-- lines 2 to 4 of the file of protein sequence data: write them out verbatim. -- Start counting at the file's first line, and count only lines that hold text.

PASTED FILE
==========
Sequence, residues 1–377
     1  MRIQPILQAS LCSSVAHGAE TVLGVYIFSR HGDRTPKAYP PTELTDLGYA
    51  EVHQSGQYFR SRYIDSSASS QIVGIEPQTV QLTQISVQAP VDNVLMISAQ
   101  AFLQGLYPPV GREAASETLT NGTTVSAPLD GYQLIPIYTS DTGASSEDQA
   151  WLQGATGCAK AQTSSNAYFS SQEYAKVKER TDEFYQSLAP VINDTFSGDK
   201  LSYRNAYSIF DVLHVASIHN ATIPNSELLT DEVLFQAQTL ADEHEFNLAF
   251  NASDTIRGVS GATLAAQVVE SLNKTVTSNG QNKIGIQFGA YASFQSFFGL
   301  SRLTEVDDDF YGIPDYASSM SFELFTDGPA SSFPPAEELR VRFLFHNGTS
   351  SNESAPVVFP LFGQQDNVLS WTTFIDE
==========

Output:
     1  MRIQPILQAS LCSSVAHGAE TVLGVYIFSR HGDRTPKAYP PTELTDLGYA
    51  EVHQSGQYFR SRYIDSSASS QIVGIEPQTV QLTQISVQAP VDNVLMISAQ
   101  AFLQGLYPPV GREAASETLT NGTTVSAPLD GYQLIPIYTS DTGASSEDQA